Sunday, September 24, 2006

Six Questions in Search of a Reality

Posted by olvlzl

Note: I don’t blame the writers, directors, actors, etc. who would certainly be the first to appreciate more production time and a flexible schedule to produce better TV. I’m certain they’d like bigger budgets and more creative control, especially the writers. That’s what they probably went into it for in the first place.

elf-government requires voters to have a rather firm grasp on reality. Voters need to understand important issues to decide what is their most sensible choice when voting. We constantly point out that our media not only keeps voters uninformed but that they spread convenient lies for profit. Or what else are the leftist blogs for. But once people have accurate information how do they use it? People can fit the most obvious facts into a form that will end up with a wrong conclusion. And someone can take the facts and present them in a way their audience can’t understand.

Americans watch a lot of TV. Too many let TV substitute for what previous generations used to consider real life. Those non-TV trained people took their models of thought from the continuous experience of life or from books. It was noticed back then when someone got carried away with theatrical conventions and started acting “stagy”. The stage struck were considered unreliable. With a few exceptions, people brought up without TV, the last of those generations is passing away. We are going to have to deal with what it means to have a completely TV-trained electorate and what that requires for democracy to exist.

What does the narrative structure of TV do to peoples’ thinking? Does the half or whole hour with a beginning a middle and an end immediately followed by another program have an effect on people for whom that may be their primary view of life?* How couldn’t it have an effect? By the time they reach eighteen they’ve seen hundreds of TV programs, some repeated often enough to be recited verbatim.

Even documentary and news stories are fitted into a form it is assumed will satisfy viewers. A lot of people seem to think that problems in real life follow a similar narrative. They think problems have a linear form with a beginning a middle and an end coming within the attention span they’ve grown to expect. There might be what is presented typically as an ironic aside but that’s optional. When a problem of real life doesn’t come to a happy ending on cue, various forms of “fatigue”** are declared to have set in. Even if the majority of people can break out of these delusions a sizable minority of people thinking like this could be enough to throw elections in an irrational way.

If this speculation is at all close to reality it could help explain a lot of the trouble we are in. Conservatives generally don’t believe in representative democracy, scratch one you’ll find an oligarch or, in the younger generation with no pretense of noblesse oblige, a plutocrat. They don’t mind telling well crafted lies to deceive the public. They don’t intend for the public to rule anyway. Read the decision in Bush vs. Gore if you want conclusive evidence.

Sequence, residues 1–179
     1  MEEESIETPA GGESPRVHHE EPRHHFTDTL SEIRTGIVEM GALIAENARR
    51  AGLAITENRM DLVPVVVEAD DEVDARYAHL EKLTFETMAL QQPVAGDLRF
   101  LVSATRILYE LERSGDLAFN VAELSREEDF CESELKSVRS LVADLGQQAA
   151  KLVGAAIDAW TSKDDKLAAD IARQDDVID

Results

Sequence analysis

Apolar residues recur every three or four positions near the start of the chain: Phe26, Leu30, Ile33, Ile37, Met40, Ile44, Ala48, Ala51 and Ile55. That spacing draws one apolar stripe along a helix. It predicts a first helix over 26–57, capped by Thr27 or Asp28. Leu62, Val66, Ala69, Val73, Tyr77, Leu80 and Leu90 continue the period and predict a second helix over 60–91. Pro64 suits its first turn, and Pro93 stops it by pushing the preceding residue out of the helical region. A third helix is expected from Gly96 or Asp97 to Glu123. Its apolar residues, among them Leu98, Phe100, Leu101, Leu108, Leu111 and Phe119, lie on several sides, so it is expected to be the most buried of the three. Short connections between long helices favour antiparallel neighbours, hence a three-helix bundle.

Those of us who believe that democracy is the only chance we have to save the species don’t have that luxury. Our governing structure can’t be three artificial branches suspended from a corporate crane dangling over all. Our most fundamental structure of government is the People. Without a functioning trunk nothing else matters. Trees dead from the roots rot in place. If the People, for whatever reason, don’t have a sufficient grasp of reality then democracy can’t exist, it can’t happen. But how can that be done today with a population that has had their ability to think impaired by too much TV?

We don’t have any choice but to take all of these things into account. The raw material of democracy is the People as they really are, not in some ideal form. Civic education will take a generation or more and we don’t have that time. For those who have a story line method of thought, they will have to have our issues presented to them in that fashion. We have to use as familiar a form of information as we can devise. If those forms can be filled with lies they can be filled with truth, maybe not all of it at once but as much of the truth as can fit.

My guess is that the half-hour format is the longest form we can use for most arguments, attention span has also been impaired. One main theme with one sub-theme. Start at the beginning and on straight to the end with little if any back tracking. That, dear friends, is it. Any more than that will not be digested it will be left untouched. And even that is too long except on special occasions. The late night opening monologue is a better model of time and structure for our arguments and the thirty second commercial perhaps the optimal one. There isn’t any choice but to use these forms instead of the traditional ones. The traditional ones won’t reach the mass audience required for democracy to win today.

I do have one request, if we take a more realistic view of our methods, can we get better writers? The condescending, greeting card style of Peggy Noonan is an insult to a free People. It makes me want to throw up especially when I hear it from Democrats who should know better than to try it. We need something as fresh and new as reality. We won’t get that from the people who have produced losing media campaigns. One failed campaign is one too many.

* I’d speculate on the political effect of serial and continuing dramas but don’t want to scare you away until you’ve read this. If you mention the movies, they are copying the forms of TV, so they would tend to support the argument.

** Declarations of “fatigue” and their use to absolve an incompetent and negligent government are an interesting question that won’t fit into this piece.